The time required to induce mPTP opening (indicated by the beginning of global mitochondrial membrane depolarisation) in control cells was 269.1±21.7 s and the time taken to induce the beginning of rigour contracture was 613.5±14.2 s (Fig. 5). The presence of SFA significantly prolonged the time taken to induce both mPTP opening and rigour contracture to 777.4±100.7 and 1329.0±129.0 s (p<0.001), respectively (Fig. 5). Sanglifehrin-A was therefore shown to inhibit mPTP opening (as shown by a delay in the time taken to induce global mitochondrial membrane depolarisation) and protect against rigour contracture in the setting of oxidative stress.

Fig. 5

Sanglifehrin-A prolongs the time taken to induce mPTP opening and the time taken to induce rigour contracture in TMRM-loaded myocytes subjected to oxidative stress (values are mean±S.E.M.; n = 12 per group; *p<0.001).

4. Discussion

In the isolated perfused heart model, we show for the first time that inhibiting mPTP opening in the first few minutes of reperfusion, following a lethal ischaemic period, using sanglifehrin-A, protects the myocardium, as shown by a reduction in infarct size and improved recovery of baseline cardiac function. Furthermore, in the isolated adult rat myocyte subjected to oxidative stress, we confirm that sanglifehrin-A protects myocytes by inhibiting mPTP opening.

Importantly, in the isolated perfused heart model, we demonstrated protection when SFA was administered during the first 15 min of reperfusion only, to cover the crucial time period when the mPTP would be expected to open. Furthermore, we demonstrated that targeting the first 15 min of reperfusion is crucial to its protective effect, since administering SFA after the first 15 min of reperfusion induced no cardio-protection. This last finding suggests that SFA has to be present during the first 15 min of reperfusion to exert it protective effect, which corresponds to the time-period during which mPTP opening has been demonstrated to occur [7,8]. Although SFA has been investigated in the setting of ischaemia–reperfusion injury, the drug was administered prior to index global ischaemia and for a further 10 min of reperfusion [16]. Furthermore, in that study, the end-points of post-ischaemic recovery of LV function and LDH release were used. As such, it is difficult to interpret whether this agent was only having its effect during the reperfusion phase, given that the drug was administered prior to the lethal ischaemic episode.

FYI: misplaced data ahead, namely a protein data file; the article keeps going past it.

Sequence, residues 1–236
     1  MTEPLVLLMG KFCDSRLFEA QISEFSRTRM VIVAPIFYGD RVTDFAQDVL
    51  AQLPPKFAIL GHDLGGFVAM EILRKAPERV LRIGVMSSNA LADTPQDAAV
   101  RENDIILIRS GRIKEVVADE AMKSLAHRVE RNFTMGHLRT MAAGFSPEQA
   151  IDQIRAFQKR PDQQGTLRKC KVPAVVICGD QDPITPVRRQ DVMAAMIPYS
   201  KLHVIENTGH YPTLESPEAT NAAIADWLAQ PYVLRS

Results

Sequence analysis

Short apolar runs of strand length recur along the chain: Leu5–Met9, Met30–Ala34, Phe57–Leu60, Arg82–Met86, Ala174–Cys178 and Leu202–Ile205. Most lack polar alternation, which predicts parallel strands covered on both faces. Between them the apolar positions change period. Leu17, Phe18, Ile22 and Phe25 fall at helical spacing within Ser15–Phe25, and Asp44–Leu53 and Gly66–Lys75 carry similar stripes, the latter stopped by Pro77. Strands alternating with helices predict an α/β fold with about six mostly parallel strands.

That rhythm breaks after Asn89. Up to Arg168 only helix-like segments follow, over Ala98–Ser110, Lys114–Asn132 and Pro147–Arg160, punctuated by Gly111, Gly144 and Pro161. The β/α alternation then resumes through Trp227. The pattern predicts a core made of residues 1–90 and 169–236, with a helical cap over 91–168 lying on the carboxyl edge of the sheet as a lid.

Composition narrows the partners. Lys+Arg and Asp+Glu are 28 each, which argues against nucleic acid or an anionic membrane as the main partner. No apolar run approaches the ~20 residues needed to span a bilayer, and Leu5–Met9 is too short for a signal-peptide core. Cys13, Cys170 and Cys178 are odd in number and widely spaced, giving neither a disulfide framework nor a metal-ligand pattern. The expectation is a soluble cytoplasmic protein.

The current proposed model of the mPTP is believed to comprise a physical interaction between three core components: the voltage-dependent anion channel (VDAC) of the outer mitochondrial membrane, the adenine nucleotide translocase (ANT) of the inner mitochondrial membrane and cyclophilin D in the mitochondrial matrix [6]. Through its cistrans isomerase action, it is believed that cyclophilin D induces a conformational change in the ANT from its normal translocating configuration to a pore-forming configuration [28]. The mechanism by which SFA inhibits mPTP opening has been shown to differ from that of CsA. The latter appears to inhibit binding of mitochondrial cyclophilin D to the ANT [29], whereas SFA inhibits the peptidyl-prolyl cistrans isomerase activity of cyclophilin D, thereby preventing the conformational change of the ANT to the pore-forming configuration required to manifest as mPTP opening [16]. Furthermore, in contrast to CsA, the drug SFA is a more specific inhibitor of mPTP opening as it does not inhibit calcineurin, which is important as calcineurin inhibition can in itself result in cardio-protection [16,17].